A study based on a review of health insurance options offered by the largest insurers in the state found that benefits and prices vary widely and recommends that consumers compare options carefully.
According to a new report by the California HealthCare Foundation (CHCF), an average, healthy 44-year-old living in Los Angeles might pay between $69 and $573 a month for health insurance, depending upon the type of health plan chosen.
Based on a review of health insurance options offered to individuals by the largest insurers in the state as of spring 2002, the CHCF study found that benefits and prices vary widely and recommends that consumers compare options carefully.
"Prices vary considerably even when benefits are comparable," said Marian Mulkey, CHCF program officer.
The study looked at individual plans offered by Blue Cross of California, Blue Shield of California, Health Net, Kaiser Permanente, and PacifiCare in six California counties: San Diego, Los Angeles, Fresno, San Francisco, Sacramento, and Shasta. Depending on where a person lives, up to 31 options might be available and the price of the most expensive option might be from 7 to 11 times higher than that of the least expensive alternative, according to the report.
"Price differences reflect the very broad range of available benefit packages," said Mulkey. "But prices also vary for reasons unrelated to the level of coverage, so consumers can't rely on simple rules of thumb when comparing options," she added. The report notes that each health plan's cost structure and marketing strategy can influence the prices charged in a given community.
Health plans offer a wide array of plans, benefits, and price points in order to appeal to the preferences of individuals who differ by age, financial circumstances, and personal values. According to the report, the options might "be confusing and hinder well-informed choices."
Policymakers could make it easier for consumers to make apple-to-apple comparisons between plans if insurers were required to offer some standardized benefit packages, the report suggests.
Using the example of a healthy 44-year-old living in Los Angeles, the report revealed that available comprehensive HMO options range in price from $189 to $305 a month, a 61 percent difference. Comparing the rates for available low-benefit plans (a PPO option with a $1,500 deductible, for example), monthly prices ranged from $187 to $202, a difference of 8%.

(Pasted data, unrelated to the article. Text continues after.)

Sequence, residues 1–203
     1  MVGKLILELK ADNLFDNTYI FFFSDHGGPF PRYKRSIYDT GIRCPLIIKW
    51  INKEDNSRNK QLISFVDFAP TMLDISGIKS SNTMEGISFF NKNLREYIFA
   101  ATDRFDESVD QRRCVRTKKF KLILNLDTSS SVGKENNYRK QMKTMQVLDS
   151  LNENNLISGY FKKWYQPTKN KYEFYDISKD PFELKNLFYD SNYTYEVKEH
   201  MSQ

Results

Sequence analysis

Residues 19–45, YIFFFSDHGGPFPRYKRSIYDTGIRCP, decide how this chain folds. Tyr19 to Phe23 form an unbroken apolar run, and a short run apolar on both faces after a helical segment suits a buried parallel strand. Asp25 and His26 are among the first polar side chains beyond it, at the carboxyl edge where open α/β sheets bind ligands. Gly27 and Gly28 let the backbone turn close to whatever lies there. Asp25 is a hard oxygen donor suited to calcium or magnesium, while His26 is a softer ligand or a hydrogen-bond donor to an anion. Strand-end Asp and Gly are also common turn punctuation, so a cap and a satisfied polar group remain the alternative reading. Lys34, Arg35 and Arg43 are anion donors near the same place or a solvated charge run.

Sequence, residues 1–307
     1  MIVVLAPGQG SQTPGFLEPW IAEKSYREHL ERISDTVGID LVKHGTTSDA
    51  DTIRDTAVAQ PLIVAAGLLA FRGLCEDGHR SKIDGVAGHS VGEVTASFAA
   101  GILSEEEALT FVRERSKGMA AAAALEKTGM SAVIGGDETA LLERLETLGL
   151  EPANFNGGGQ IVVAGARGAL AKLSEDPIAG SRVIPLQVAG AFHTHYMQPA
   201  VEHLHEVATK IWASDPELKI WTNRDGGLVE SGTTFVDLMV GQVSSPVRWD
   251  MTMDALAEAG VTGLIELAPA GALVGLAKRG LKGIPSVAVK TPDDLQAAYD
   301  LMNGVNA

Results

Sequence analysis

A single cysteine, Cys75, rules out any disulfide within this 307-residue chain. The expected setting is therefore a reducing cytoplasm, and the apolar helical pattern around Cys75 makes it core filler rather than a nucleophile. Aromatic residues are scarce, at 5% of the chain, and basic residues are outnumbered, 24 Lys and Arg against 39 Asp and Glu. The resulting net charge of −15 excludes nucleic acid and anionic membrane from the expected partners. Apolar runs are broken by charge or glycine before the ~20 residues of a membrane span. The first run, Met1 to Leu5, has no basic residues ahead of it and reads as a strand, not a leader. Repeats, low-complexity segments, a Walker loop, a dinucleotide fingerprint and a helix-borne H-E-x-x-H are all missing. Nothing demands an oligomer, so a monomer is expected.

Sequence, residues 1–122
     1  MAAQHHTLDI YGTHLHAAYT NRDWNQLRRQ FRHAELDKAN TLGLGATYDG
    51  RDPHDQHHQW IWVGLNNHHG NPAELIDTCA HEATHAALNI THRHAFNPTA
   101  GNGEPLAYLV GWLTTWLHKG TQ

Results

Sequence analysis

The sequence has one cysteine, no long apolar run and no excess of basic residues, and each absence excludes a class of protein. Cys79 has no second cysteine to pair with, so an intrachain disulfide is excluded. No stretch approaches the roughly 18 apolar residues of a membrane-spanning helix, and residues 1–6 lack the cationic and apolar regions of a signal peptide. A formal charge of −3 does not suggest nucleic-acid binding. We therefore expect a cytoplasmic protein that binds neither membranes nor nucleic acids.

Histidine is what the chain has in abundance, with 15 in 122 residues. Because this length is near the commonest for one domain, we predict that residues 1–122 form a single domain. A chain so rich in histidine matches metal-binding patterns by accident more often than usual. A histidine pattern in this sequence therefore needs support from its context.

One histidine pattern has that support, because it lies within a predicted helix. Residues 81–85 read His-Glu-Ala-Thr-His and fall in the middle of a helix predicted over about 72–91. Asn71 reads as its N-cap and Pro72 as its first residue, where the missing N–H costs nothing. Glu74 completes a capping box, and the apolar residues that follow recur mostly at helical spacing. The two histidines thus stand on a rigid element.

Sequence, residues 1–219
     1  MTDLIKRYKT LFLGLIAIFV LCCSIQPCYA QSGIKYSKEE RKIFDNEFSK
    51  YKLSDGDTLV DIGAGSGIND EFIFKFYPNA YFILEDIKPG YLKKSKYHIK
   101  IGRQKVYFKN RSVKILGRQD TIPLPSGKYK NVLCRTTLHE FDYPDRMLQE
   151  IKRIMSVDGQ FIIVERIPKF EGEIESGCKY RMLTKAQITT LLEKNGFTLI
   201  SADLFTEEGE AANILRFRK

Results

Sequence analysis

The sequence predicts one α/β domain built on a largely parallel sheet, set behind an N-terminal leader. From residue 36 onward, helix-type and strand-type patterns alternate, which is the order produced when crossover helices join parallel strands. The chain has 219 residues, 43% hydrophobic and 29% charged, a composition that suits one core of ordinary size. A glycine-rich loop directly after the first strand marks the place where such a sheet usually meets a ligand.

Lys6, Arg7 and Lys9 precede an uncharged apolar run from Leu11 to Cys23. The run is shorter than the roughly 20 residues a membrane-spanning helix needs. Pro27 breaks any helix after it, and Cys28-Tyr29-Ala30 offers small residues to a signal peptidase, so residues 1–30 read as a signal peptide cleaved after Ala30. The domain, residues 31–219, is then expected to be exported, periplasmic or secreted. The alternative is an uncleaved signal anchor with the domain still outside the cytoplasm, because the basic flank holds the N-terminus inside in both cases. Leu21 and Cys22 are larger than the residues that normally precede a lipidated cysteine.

Across all six counties studied, the average price spread between the lowest- and highest-priced comprehensive HMO plans was 71%. The average price spread for $1,500-deductible PPO plans was 17%.
The biggest price spread was in San Francisco with a 114% variation for HMOs and a 24% price spread for PPO plans.
When comparing health plans, the report advises consumers to:
- Look for differences in the benefits likely to impact them, such as maternity coverage, behavioral health, or other specialty services.
- Consider the breadth of the provider network, particularly the difference between Kaiser's network of its own physicians and hospitals versus the community network of physicians and hospitals offered by other plans.
- Assess affordability and financial risk based on both the fixed monthly premium and out-of-pocket costs that vary based on actual use of services.
While this study focused on benefit plans and prices for an individual shopping for a non-group plan, the same challenges apply to a family seeking coverage in the non-group or individual market.
Research for this report was conducted by a team led by Joan B. Trauner, Ph.D., a San Francisco-based independent consultant.
The full report can be found through the link below.
About the California Health Care Foundation
CHCF is dedicated to advancing meaningful, measurable improvements in the way the health care delivery system provides care to the people of California, particularly those with low incomes and those whose needs are not well served by the status quo. We work to ensure that people have access to the care they need, when they need it, at a price they can afford.
CHCF informs policymakers and industry leaders, invests in ideas and innovations, and connects with changemakers to create a more responsive, patient-centered health care system.